GoDaddy review : Recommend I order GoDaddy?? Infringement gone too far?

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Saw this...could be related to domains, but shows what can happen when a company turns into Scrooge.

Comments (16)

Bake off?? thats such a common term?? what has this poor world come to.....

What a load of BS, these tademarked suits are all nonsense, I'm going to trademark my name tomorrow and anyone with the same name better find a new one or the lawsuits are coming!!! (or you can pay me royalties)..

Comment #1

So are the words apple, shell and tide. They're common words also, but they're.

Also used as trademarks for computers, oil products, and a detergent.

If you want something longer, how about head and shoulders? It's common for.

Someone whose head is above the rest, but is it generic for shampoo?.

That article indicates the co-op used common words that just happen to also.

Be registered as a trademark for practically the same use as the mark holder..

Every mark holder has the (unenviable?) responsibility to protect and enforce.

Their trademark rights being potentially infringed for their specific use/s. (hint).

Bah, humbug...

Comment #2

Ban these fu*king conglomerates.

If there's one thing that could bring humanity down, it's not terrorism, it's these assh*le conglomerates thinking that they can define and run everything...

Comment #3

You shouldn't be able to TM these kind of things..

Comment #4

This is just stupid if I were them I would just use it regardless, and tell em to go **** themselves...

Comment #5

That's totally ridiculous, they should ban all their products from the BAKE OFF. If it was an intended usage of the name I might say it's justified. I think Bill Oreilly should discuss this on the Factor...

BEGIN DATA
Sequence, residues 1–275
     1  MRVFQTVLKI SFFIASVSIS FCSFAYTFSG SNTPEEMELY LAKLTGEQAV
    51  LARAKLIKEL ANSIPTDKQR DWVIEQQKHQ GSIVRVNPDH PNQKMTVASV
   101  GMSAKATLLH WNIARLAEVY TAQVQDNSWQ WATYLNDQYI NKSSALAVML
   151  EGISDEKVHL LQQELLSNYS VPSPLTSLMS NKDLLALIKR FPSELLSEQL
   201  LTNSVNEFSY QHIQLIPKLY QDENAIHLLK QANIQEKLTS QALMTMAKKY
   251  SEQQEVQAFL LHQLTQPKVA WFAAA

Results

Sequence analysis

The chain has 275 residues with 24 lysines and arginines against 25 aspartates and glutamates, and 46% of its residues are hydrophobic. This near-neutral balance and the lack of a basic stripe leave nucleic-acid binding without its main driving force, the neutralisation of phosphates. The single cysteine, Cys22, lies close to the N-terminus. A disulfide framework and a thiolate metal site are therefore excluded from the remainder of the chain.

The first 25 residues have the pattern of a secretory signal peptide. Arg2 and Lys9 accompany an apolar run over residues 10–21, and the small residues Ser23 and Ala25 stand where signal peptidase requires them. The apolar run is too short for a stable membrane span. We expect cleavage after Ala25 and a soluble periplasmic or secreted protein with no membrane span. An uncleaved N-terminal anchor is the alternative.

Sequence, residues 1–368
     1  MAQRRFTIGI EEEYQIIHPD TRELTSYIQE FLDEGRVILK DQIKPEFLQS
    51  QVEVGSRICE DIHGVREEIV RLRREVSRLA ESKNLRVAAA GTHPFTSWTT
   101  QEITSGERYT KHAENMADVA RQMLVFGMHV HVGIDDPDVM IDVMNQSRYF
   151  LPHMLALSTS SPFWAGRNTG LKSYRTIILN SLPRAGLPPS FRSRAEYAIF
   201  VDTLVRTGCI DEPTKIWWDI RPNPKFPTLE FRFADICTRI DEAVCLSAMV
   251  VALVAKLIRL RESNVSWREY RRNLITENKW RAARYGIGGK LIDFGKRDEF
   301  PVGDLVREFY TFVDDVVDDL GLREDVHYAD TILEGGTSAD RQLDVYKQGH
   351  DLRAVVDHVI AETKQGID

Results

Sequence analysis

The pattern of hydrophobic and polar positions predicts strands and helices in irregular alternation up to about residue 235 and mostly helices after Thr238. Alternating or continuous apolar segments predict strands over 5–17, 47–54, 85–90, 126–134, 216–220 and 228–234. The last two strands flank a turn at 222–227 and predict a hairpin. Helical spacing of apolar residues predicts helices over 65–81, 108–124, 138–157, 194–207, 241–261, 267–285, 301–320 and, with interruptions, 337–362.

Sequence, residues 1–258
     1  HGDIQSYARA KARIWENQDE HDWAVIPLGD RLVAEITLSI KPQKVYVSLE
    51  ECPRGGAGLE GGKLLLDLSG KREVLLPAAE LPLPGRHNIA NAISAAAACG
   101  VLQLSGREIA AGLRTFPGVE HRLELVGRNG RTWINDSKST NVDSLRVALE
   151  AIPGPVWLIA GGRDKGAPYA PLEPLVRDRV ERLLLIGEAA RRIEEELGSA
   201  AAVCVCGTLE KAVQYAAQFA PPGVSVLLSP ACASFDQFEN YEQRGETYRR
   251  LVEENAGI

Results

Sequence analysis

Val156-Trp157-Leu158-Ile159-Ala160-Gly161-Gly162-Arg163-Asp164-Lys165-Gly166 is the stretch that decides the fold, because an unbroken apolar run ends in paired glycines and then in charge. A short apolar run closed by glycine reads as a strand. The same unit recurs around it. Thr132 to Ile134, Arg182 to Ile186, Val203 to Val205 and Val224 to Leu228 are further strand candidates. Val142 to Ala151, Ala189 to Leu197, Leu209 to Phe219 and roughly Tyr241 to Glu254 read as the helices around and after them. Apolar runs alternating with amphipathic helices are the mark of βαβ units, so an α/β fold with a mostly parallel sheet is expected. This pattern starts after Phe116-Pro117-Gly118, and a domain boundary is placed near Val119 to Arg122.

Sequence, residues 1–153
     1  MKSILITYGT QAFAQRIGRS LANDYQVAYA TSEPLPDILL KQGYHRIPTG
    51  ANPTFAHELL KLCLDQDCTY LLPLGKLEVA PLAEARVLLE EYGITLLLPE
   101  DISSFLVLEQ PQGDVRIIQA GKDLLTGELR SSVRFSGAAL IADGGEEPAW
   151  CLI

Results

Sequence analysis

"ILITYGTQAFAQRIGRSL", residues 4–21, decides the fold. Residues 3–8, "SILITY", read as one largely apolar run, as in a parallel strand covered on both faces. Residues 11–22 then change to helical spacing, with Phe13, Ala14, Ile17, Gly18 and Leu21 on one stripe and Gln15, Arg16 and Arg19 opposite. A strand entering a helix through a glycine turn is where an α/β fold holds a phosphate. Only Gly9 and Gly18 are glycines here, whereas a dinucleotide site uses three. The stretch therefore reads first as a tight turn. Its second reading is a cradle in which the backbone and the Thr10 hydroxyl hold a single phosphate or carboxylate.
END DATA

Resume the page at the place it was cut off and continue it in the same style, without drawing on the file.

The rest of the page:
Comment #6

Even worse, the organization using it was non-profit, holding just a charity event...

Comment #7

Speaking of a bake-off, my apple pie website has a great "apple crunch pie" recipe.

Now, back to business.....

Comment #8

You can't establish a trademark for generic words for their generic meanings..

But one can still do so if used distinctively rather than descriptively. (another.


If you wish for some law to ban being able to trademark generic words, you're.

Going to have issues with those using such for years that contributed to their.

Commercial success. Not to mention your options for what words to use for a.

Business (or even a trademark) might be severely limited, which I'll bet some.

Will also have a problem with.

The reality is there are certain laws governing trademarks and their usage. It.

Does place a "burden" on trying to check for such first, but at least it might.

Save one unwanted headaches down the road...

Comment #9

What's being overlooked in the article, besides the role of selective enforcement against infringement (how many "bake offs" do you think occur during a year, and how many get targeted for infringement?) and some common sense when it comes to use and/or the disrespect to a culture and the TM laws that allow it.

Bake-offs were public domain and public use for a long time before Pilsbury/General Mills decided to take the term for it's own, and thus, in a sense reverse hijacking a culture of a commonly employed term for a commonly occuring social occasion. The problem here is that companies, people, governments or whatever sometimes take and brand what they shouldn't be able to. Bake offs have been part of American culture since the communities of a few hundred years ago. For Pilsbury to selfishly claim that cultural phrase for their own may be legal, at least for now, but it doesn't make it right.

Finally, and perhaps not that it matters, I can't recall ever seeing or hearing "bake off" being used by General Mills in a TradeMark context. If that's the case, I'm a firm believer in the use-it-or-lose-it philosophy...

Comment #10

While not necessarily authoritative, this appears to be the "general definition".